An exploration of why health professionals seek to hold statutory powers in mental health services in England: considerations of the approved mental health professional role
Stevens, M.; Manthorpe, J.; Martineau, S.; Steils, N.; Norrie, C.
Journal of Mental Health 2019: 1-7
ISSN/ISBN: 0963-8237 PMID: 31645166 DOI: 10.1080/09638237.2019.1677868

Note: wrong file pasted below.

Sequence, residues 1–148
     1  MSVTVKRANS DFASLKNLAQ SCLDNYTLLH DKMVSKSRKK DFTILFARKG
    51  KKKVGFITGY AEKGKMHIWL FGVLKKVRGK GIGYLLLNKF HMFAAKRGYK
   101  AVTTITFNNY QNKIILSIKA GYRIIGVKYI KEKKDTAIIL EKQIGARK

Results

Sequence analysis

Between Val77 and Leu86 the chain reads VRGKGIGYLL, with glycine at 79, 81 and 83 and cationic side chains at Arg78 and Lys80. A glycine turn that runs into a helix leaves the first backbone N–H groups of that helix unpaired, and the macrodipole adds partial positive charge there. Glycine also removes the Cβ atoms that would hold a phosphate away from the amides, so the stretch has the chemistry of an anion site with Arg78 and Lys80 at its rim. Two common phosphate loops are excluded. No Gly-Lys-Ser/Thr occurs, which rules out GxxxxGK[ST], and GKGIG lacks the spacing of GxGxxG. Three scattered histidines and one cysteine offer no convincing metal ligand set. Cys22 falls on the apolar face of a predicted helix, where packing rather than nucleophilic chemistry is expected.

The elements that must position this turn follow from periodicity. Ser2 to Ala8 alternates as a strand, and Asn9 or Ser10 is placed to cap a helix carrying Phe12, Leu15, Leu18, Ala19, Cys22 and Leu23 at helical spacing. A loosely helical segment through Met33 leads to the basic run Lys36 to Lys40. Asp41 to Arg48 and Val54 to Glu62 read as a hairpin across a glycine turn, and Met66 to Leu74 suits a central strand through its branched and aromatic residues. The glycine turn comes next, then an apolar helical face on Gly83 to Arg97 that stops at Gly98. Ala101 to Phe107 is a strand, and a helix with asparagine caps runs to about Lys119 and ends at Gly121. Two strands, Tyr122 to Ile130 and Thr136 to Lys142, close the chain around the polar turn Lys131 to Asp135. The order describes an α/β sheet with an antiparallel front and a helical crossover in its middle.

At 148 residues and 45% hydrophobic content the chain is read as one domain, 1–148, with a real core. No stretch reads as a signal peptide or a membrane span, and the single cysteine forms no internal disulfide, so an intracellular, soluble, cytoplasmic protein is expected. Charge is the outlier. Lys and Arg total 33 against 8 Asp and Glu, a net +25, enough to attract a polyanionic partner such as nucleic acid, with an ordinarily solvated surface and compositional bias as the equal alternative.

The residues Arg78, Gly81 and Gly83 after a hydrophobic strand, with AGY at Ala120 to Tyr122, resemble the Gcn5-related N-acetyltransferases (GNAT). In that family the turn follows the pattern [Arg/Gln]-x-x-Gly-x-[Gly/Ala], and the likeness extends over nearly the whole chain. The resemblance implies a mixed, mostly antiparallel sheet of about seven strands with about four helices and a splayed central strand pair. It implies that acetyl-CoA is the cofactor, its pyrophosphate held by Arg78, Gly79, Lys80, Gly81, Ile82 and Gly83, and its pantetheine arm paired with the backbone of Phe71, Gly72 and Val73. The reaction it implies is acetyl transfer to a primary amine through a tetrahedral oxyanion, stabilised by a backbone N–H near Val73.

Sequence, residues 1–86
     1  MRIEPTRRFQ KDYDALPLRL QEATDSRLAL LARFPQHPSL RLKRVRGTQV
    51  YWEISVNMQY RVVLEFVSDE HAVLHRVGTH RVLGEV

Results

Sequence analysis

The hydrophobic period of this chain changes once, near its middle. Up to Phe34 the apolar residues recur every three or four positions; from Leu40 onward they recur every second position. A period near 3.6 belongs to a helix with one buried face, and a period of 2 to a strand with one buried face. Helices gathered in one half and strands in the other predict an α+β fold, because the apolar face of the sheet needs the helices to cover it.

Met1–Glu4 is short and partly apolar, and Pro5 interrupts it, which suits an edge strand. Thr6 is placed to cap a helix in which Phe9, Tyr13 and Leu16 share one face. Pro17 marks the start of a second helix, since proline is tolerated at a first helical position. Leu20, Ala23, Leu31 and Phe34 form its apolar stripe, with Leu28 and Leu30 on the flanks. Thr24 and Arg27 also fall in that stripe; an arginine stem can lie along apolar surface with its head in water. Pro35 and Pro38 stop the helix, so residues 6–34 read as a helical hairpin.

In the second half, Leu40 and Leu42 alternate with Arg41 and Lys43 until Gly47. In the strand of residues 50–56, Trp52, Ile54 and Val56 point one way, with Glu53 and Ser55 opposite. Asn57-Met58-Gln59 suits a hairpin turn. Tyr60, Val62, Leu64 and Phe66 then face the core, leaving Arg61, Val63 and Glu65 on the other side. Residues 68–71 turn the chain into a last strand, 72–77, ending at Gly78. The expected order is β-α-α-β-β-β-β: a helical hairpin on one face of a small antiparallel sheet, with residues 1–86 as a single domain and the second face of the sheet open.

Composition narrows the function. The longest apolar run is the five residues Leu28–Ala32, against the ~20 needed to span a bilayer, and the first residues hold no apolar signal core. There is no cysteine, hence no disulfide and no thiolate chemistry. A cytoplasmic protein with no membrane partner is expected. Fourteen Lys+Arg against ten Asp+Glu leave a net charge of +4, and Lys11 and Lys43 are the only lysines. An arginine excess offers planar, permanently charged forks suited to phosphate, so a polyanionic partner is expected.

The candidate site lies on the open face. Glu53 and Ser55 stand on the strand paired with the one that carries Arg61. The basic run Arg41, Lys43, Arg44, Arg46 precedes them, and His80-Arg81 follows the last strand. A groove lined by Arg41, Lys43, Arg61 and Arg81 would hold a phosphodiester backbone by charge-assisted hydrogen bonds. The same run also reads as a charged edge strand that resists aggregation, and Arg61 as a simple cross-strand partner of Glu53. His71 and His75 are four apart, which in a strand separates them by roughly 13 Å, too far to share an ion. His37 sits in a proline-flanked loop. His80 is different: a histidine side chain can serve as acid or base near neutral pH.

Background: There is a shortage of Approved Mental Health Professionals (AMHPs), who are responsible for compulsory admission decisions under the Mental Health Act (MHA), 1983 . Only 5% of AMHPs are health professionals, over a decade after the role was opened to them. Aims: The research aimed to identify factors motivating and discouraging health professionals from becoming and working as AMHPs. Methods: Semi-structured interviews (n = 52) with professionals enabled to become AMHPs by the MHA, 2007 , including AMHPs; those that had not become AMHPs; and AMHP managers. Additionally, a survey of AMHP senior managers. Interviews and open-ended survey questions were analysed thematically. Results: Motivating and discouraging factors were grouped as intrinsic and extrinsic. Intrinsic motivations were: altruism; the dynamic and contained nature of the work; and fit with experience. Intrinsic discouraging factors were: damage to therapeutic relationships; the perceived clash between AMHP work and professional values. Extrinsic motivations were: career progression; and professional esteem. Extrinsic discouraging factors were: profile and reputation of the service; organisational commitment; management support; and level of remuneration. Conclusions: The research suggests that changes in organisational responsibility for running AMHP services and raising the profile of the role might help increase recruitment and retention of health professionals.